Regression Candidates Through Week 4: Betting on Teddy

Teddy Bridgewater has changed the NFL landscape in Minnesota. Can he change your fantasy fortunes as well?

The crazy narratives that accompany the NFL UK games every year have gotten sillier and sillier over the eight years that the program has existed. This year, along with the usual calls that the average UK citizen is obsessed with American football and the NFL wants their own franchise in London, we're now hearing that the NFL has spoken to City of London authorities about building a permanent NFL stadium in the heart of the nation’s capitol.

I love Queen Liz’s corgis and Earl Grey tea as much as any American can, but this is just craziness.

From tax questions to living situations for players, to travel costs, to the fact that the NFL can’t even get clearance from Los Angeles authorities to build a stadium, will they really get international red tape cleared that fast? There are still so many questions that to insinuate we’ll soon have a regular NFL team in the “Wembley neighbourhood” seems just ridiculous right now.

Let’s all breathe, put down the Union Jacks and fish n’ chips, and let the real enjoyment of an international game be the story for these games. Let the excitement regress back to average on our “God Save the Queen” patriotism and, in the meantime, let’s figure out which NFL players are also due for a regression in the wake of Week 4.

The Eliza Doolittles: Fantasy Underachievers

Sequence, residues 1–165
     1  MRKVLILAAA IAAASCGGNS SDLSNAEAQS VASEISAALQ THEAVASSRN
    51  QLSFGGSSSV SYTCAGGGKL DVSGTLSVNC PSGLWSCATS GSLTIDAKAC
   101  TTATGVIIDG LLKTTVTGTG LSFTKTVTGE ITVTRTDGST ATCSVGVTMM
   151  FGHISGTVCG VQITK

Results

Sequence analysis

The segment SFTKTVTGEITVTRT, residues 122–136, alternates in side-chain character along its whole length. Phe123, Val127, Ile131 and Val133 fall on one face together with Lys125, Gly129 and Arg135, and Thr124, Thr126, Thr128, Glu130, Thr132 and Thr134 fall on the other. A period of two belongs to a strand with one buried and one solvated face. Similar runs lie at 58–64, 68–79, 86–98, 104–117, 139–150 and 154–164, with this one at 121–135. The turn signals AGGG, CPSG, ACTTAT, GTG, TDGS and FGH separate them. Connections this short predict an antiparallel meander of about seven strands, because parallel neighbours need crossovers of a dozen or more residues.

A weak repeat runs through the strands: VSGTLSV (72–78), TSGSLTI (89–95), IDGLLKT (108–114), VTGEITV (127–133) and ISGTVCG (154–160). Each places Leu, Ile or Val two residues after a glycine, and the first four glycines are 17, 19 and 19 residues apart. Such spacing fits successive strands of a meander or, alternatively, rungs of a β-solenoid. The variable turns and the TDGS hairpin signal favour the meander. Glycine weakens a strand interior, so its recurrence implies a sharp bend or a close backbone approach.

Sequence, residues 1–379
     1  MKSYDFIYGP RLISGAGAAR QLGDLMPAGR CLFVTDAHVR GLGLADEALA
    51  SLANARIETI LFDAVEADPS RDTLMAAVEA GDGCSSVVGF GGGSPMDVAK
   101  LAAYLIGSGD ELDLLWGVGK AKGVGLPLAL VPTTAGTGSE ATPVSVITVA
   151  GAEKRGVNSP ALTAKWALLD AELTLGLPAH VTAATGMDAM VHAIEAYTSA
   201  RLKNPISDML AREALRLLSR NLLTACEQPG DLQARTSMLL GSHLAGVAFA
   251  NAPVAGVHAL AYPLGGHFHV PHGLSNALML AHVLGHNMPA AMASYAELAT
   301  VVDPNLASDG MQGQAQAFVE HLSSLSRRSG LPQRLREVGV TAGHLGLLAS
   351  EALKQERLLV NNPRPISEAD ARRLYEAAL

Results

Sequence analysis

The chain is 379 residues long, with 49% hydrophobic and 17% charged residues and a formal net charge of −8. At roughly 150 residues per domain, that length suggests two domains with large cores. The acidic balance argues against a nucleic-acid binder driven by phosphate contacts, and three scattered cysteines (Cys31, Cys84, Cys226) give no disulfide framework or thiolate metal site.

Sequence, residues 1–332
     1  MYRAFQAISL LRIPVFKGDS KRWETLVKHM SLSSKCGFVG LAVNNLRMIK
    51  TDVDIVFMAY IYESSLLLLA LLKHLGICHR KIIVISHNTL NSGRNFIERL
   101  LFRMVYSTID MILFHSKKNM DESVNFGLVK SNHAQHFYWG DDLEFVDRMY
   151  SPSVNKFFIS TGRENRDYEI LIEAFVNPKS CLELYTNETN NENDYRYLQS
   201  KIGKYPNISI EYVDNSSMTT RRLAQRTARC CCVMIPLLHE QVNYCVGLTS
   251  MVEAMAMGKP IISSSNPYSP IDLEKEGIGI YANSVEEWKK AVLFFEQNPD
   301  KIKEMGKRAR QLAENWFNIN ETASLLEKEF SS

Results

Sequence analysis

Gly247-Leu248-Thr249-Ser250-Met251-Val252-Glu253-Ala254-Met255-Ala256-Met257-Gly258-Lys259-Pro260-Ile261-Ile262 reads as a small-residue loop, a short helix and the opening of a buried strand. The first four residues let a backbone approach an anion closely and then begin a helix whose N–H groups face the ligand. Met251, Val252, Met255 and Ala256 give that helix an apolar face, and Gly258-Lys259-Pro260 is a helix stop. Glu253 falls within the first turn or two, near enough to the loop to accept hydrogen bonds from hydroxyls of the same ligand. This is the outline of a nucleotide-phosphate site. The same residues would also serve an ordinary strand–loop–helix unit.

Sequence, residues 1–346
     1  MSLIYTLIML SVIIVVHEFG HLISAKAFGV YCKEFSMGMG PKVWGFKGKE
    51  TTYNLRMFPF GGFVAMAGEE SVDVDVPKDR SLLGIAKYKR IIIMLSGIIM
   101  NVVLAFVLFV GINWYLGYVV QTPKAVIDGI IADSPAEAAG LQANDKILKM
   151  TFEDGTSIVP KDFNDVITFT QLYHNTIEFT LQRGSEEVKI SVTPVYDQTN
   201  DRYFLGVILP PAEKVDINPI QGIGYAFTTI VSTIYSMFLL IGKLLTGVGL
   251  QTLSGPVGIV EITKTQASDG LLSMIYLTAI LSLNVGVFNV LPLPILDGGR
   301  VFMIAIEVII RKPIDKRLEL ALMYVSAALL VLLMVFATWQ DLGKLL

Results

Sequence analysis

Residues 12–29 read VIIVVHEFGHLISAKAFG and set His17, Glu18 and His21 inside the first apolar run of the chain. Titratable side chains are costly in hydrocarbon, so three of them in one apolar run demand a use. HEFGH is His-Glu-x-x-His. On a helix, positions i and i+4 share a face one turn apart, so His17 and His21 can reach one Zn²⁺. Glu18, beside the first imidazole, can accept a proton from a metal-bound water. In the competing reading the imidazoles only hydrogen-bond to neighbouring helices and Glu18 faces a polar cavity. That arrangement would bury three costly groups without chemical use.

Teddy Bridgewater doesn’t need a Henry Higgins to shape him into “My Fair Lady” either, as the Vikings’ rookie signal-caller has come out of the gates looking every bit a professional already. With only 52 drop backs thus far, Bridgewater has already accumulated more Passing Net Expected Points (NEP) than Russell Wilson, Nick Foles, and Jay Cutler in 2014. Even more compelling, Bridgewater’s average fantasy point week so far is around 15.0 points, a QB14 in fantasy scoring; a good floor to have.

However, his Passing NEP on a per drop back basis (0.32) puts him third behind only Philip Rivers and Andrew Luck among quarterbacks this year. Teddy is something special - grab him quickly if you can.

Where we tend to find value among the running backs is in a talented player putting up good value who just is not getting a great volume of touches. This remains the same this week, as our back of choice is Jacquizz Rodgers, our 12th-ranked back by Rushing NEP per attempt. Quizz is currently 56th among all backs in fantasy in points per game, as his talent continues to be buried in a muddy committee in Atlanta. To be fair, his Reception NEP is well below his usual mark (-0.22), but I don’t expect that to remain that poor for long, as he is a natural receiver.

Putting another Vikings rookie in here, Jerick McKinnon is somehow available in one of my leagues. He’s currently a top-25 back by Rushing NEP per attempt, just dropped 14 points in standard scoring, and now gets to face the leaky Green Bay Packers’ defense. With only Matt Asiata in front of him, McKinnon’s workload figures to increase fairly soon.

Go figure, another Viking comes in here. Jarius Wright was the primary receiver for the Vikings this week, with 13 fantasy points on 10 targets. While he doesn’t have the kind of upside Cordarrelle Patterson brings to the table, Wright does have a similar small possession receiver skill set like Greg Jennings, and Jennings hasn’t been as effective as he could be lately. There are touches available in this offense, especially if Teddy is the real deal. Wright is currently 21st in Reception NEP per target, but just 69th in average fantasy points.